POLYUNSATURATED FAT: these are Omega 3 fatty acids which provide heart health benefits as well as brain health and muscle repair. Food sources are fatty fish like salmon, trout, catfish and mackerel but also flaxseeds and walnuts. It is better to get your Omega 3 from food sources but if you don’t eat fish then a supplement is then important. If you do eat fish, aim for at least two servings of fatty fish each week.
Both omega-6 and omega-3 fatty acids are essential for good health! But they play very different roles. Omega-3s have an anti-inflammatory effect in the body; whereas, the omega-6s have a pro-inflammatory effect. This may sound bad but some inflammation is actually necessary. Inflammation can help protect the body from infection and from injury. For example, if you roll your ankle, inflammation sets in to immobilize your ankle so you can begin to heal. If you get a cut, the inflammation is an immune response to help fight off any infections getting in. But, too much inflammation can lead to other things like heart disease, metabolic syndrome, diabetes, Alzheimer’s disease, arthritis, and many types of cancer. Omega-3s are known to lower the risk of these diseases by decreasing the amount of inflammation within the body.
SATURATED FATS: these can bring particular benefits such as increased liver health and improved bone structure strength. But high cholesterol levels will be generated by numerous LDL’s being produced. So more sparingly with these types of fats (they don’t need to be totally avoided just consumed in moderation). Food sources are: Dairy sources (milk, cheese, butter), red meats, poultry skin.
TRANS FATS: this type of saturated fat is made by heating liquid vegetable oils in a process called HYDROGENATOIN! You might see hydrogenated fats on food labels. This process extends the shelf life of food products. Hydrogenation turns a liquid into a solid food like margarine. Trans fats are used widely for frying, baked goods, pastries, processed snack food and margarine.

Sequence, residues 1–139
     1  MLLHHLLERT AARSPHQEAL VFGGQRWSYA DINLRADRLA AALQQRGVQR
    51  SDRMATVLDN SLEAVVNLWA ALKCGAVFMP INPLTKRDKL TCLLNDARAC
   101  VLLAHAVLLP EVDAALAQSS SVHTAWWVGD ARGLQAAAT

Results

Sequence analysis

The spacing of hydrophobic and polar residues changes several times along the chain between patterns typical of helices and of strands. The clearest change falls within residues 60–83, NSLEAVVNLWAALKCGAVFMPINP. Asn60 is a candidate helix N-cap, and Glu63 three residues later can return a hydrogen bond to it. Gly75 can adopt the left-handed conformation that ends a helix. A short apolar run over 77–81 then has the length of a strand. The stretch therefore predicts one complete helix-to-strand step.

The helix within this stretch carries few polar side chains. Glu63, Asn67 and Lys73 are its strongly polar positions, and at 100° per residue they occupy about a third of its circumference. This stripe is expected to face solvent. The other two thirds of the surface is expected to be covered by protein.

The risk of consuming excess trans fats include lowering good cholesterol and increasing bad cholesterol and promoting a higher chance of cardiovascular diseases. I’m not saying you can’t eat them but acknowledge the risks of excess amounts and consume in moderation.
The easiest way to get all of the nutrients you need into your diet is to consume foods like lean meats, eggs, dairy, colourful vegetables, whole grains, and fruits.
SNACKING ON FATS
Whilst you should snack on fat sources in moderation due to the caloric density they contain, they are the preferred snack in comparison to carbohydrates which are best timed pre/intra/post workouts for energy stores and preventing glycogen depletion. By selecting fats or proteins over carbohydrates as a snack will reduce exercise inflammation and insulin sensitivity. So, snack sources: nuts, nut butter (peanut, almond). Just remember DON’T OVERDO IT! As I mentioned in the carbohydrate post, combine them with fruit, then you get the vitamins, mineral, and fibre benefit of the front with the glucose response blunted from the fat/protein.
Hopefully this post has increased your understanding of the importance of fats and taken away some of those old demons. Everything in moderation is key!